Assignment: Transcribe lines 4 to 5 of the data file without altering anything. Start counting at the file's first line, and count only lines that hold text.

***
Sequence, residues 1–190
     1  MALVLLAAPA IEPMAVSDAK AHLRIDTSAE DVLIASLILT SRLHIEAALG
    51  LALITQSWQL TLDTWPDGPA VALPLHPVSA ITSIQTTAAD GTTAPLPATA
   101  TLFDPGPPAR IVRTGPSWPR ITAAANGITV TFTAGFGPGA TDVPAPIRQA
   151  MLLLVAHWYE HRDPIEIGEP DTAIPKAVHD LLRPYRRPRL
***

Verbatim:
   101  TLFDPGPPAR IVRTGPSWPR ITAAANGITV TFTAGFGPGA TDVPAPIRQA
   151  MLLLVAHWYE HRDPIEIGEP DTAIPKAVHD LLRPYRRPRL